Behind me the waves of darkness lay, the plague
Of mice, plague of beetles
Crawling out of the spines of books,
Plague shadowing pale faces with clay
The disease of the moon gone astray.
In the desert I relaxed, amazed
As the mosaic beasts on the chapel floor
When Cromwell had departed, and they saw
The sky growing through the hole in the roof.
Sheepdogs embraced me; the grasshopper
Returned with lark and bee.
I looked down between hedges of high thorn and saw
The hare, absorbed, sitting still
In the middle of the track; I heard
Again the chirp of the stream running.
The payment always has to be in kind;
Easy to forget, travelling in safety,
Until the demand comes in.
Do not think him unkind, but begin
To search for the stuff he will accept.
It is not made easy;
A salmon, a marten-skin, a cow’s horn,
A live cricket. Ants have helped me
To sort the millet and barley grains.
I have washed bloodstains from the enchanted shirt.
I left home early
Walking up the stony bed
Of a shallow river, meaning to collect
The breast-feathers of thousands of little birds
To thatch a house and barn.
It was a fine morning, the fields
Spreading out on each side
At the beginning of a story,
Steam rising off the river.
I was unarmed, the only bird
A lark singing out of reach:
I looked forward to my journey.
Séamus Murphy, Died October 2nd 1975
Walking in the graveyard, a maze
Of angels and families
The path coils like a shaving of wood
We stop to read the names.
In time they all come around
Again, the spearbearer, the spongebearer
Ladder and pillar
Scooped from shallow beds.
Carrying black clothes
Whiskey and ham for the wake
The city revolves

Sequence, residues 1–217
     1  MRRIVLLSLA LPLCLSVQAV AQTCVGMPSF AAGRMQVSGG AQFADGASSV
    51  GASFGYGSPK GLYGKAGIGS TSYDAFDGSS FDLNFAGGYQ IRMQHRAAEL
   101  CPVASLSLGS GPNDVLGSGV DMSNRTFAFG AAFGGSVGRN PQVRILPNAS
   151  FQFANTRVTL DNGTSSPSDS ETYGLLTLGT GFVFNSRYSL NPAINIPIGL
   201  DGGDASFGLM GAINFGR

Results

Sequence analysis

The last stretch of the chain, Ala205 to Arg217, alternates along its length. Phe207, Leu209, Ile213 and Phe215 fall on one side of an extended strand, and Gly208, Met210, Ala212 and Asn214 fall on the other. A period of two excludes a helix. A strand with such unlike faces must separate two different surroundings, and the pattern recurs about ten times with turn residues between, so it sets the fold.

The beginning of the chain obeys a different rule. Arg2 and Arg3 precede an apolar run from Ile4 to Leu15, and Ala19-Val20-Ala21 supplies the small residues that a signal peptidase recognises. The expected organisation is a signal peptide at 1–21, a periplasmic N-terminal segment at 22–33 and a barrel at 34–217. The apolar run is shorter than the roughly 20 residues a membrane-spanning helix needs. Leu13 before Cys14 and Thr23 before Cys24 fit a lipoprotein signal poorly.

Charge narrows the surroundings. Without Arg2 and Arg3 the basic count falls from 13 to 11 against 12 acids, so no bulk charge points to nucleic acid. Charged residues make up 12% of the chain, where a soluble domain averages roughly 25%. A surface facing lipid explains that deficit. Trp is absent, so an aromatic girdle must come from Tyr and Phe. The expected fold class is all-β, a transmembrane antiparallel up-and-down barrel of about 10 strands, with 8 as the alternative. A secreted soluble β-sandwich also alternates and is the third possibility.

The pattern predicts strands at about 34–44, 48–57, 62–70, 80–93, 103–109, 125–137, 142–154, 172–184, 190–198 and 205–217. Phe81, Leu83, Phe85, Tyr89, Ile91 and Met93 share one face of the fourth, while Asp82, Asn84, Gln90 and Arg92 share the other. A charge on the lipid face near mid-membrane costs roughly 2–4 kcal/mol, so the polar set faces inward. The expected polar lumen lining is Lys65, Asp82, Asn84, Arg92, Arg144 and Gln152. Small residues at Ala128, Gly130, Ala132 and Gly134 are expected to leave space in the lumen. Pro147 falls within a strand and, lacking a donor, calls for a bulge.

White peaks of churches clockwise lifting and falling.
The hill below the barracks
The sprouting sandstone walls go past
And as always you are facing the past
Finding below the old clockface
The long rambles of the spider
In the narrow bed of a saint
The names inscribed travelling
Into a winter of stone
He fell in love with the butcher’s daughter
When he saw her passing by in her white trousers
Dangling a knife on a ring at her belt.
He stared at the dark shining drops on the paving-stones.
One day he followed her
Down the slanting lane at the back of the shambles.
A door stood half-open
And the stairs were brushed and clean,
Her shoes paired on the bottom step,
Each tread marked with the red crescent
Her bare heels left, fading to faintest at the top.
A Hand, A Wood
After three days I have to wash —
I am prising you from under my nails
Reluctantly, as time will deface
The tracks, their branching sequence,
The skill of the left and the right hand.
Your script curls on the labels of jars,
Naming pulses in the kitchen press.
The dates you marked in the diary come and pass.
The wet leaves are blowing, the sparse
Ashes are lodged under the trees in the wood
Where we cannot go in this weather.
The stream is full and rattling,
The hunters are scattering shot —
The birds fly up and spread out.
I am wearing your shape
Like a light shirt of flame;
My hair is full of shadows.